The fossil of a new species of dinosaur, said to be the cousin of the three-horned Triceratops and the Stegosaurus, has been found in Venezuela.
Laquintasaura venezuelae, the new dinosaur species, gets its name after the country in which it was discovered. This is the first time a dinosaur fossil has been found in South America. Previously, it was thought by researchers to be too inhospitable 2-million years ago to be able to support dinosaurs or any large animal.
The bones of four Laquintasaura venezuelae were discovered in the La Quinta Formation in Venezuela and scientists at the Natural History Museum in London and the University of Zurich identified the creature. Scientists are excited with the discovery as it has brought with it several "surprising firsts."
The dinosaurs discovered are between 3 to 12 years old. The two-legged dinosaur is as tiny as a turkey - 3.3 feet long (1 meter in length) and 1 foot high (25 cm at the hip) - and lived nearly 201 million years ago in the earliest Jurassic era.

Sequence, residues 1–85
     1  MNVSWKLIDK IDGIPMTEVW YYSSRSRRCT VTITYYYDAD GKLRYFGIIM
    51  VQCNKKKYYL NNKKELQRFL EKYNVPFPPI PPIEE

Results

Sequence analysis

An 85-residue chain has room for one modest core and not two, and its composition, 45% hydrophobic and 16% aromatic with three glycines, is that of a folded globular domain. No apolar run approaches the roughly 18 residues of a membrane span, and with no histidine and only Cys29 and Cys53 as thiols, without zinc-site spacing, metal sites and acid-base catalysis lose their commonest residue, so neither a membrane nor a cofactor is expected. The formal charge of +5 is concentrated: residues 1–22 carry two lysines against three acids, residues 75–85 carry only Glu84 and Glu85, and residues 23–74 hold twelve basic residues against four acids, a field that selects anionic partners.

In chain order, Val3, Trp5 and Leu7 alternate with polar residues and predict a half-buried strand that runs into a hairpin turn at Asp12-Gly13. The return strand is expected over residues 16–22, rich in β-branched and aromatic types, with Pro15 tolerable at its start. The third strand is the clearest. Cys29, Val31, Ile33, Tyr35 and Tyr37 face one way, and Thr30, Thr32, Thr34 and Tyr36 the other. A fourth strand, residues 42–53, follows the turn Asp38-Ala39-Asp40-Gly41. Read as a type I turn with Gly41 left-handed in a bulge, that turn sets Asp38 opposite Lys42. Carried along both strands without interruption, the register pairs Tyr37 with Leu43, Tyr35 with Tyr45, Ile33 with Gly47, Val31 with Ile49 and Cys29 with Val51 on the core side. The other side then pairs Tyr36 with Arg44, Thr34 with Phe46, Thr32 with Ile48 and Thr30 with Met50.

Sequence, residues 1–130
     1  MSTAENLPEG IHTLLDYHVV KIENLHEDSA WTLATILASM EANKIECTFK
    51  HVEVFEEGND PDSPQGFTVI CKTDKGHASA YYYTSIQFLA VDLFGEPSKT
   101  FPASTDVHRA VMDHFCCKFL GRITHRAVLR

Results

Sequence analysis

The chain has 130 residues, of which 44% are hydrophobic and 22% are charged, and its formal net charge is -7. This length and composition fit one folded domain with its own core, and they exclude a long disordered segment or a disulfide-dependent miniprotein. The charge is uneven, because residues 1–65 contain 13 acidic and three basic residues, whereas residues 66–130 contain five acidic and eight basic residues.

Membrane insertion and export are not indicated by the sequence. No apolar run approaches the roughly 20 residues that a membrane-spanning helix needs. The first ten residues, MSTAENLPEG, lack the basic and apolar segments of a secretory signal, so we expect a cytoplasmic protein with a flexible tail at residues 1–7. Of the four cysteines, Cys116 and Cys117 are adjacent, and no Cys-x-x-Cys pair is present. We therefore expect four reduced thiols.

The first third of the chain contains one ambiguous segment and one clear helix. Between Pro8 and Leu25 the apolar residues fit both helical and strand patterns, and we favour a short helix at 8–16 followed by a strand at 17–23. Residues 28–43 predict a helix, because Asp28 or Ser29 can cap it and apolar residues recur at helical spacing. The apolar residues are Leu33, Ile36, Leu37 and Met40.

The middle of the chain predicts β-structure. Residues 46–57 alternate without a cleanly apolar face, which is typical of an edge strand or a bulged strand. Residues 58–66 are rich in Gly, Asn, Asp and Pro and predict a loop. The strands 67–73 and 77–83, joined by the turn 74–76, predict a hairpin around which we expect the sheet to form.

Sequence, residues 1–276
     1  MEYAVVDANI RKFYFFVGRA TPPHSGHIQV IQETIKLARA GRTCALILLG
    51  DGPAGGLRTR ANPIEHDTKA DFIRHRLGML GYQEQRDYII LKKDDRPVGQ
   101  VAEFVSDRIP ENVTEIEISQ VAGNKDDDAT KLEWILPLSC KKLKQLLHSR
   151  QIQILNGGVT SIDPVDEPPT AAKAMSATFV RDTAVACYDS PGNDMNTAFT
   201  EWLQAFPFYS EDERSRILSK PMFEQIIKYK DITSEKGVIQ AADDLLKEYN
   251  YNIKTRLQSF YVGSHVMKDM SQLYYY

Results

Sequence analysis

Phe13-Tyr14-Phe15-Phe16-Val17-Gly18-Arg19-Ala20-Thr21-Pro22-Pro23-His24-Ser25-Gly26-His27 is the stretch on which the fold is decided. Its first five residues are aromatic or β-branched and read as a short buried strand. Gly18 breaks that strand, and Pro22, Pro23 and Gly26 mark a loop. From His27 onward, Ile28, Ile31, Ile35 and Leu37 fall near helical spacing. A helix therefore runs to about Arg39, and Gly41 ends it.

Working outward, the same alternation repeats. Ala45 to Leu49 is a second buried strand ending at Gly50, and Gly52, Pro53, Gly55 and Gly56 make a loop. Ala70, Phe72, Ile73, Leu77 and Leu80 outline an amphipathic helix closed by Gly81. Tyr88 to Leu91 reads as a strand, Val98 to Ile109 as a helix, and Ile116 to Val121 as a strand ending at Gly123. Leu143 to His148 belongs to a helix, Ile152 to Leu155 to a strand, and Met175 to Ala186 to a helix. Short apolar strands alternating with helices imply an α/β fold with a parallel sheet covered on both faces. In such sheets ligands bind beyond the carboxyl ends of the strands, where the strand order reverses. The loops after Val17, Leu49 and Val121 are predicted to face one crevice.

Based on its teeth, the "bird-hipped" dinosaur is believed to have been an omnivore and lived in herds or small groups in South America, reflecting earliest examples of social behavior in ornithischians. The Laquintasaura venezuelae also liked to eat ferns per scientists, but may have also eaten insects and other tiny creatures.
"It was probably largely herbivorous, but its slightly curved and elongated teeth hint at occasional omnivory. The teeth are the most distinctive feature of the new dinosaur, as their elongated, curved outline and striated surfaces are unique," said lead author Paul Barrett, a paleontologist at the Natural History Museum in London.
The discovery of the Laquintasaura venezuelae will help researchers get a deeper understanding on the evolution of different groups of dinosaurs.
"The early history of bird-hipped dinosaurs is still very patchy as so few of them have been found," revealed Marcelo Sánchez-Villagra, co-author of the study and paleontologist at University of Zürich. "This early species plays a key role in our understanding of the evolution, not only of this group, but of dinosaurs in general."
The research has been published in the journal Proceedings of the Royal Society B on Aug. 6.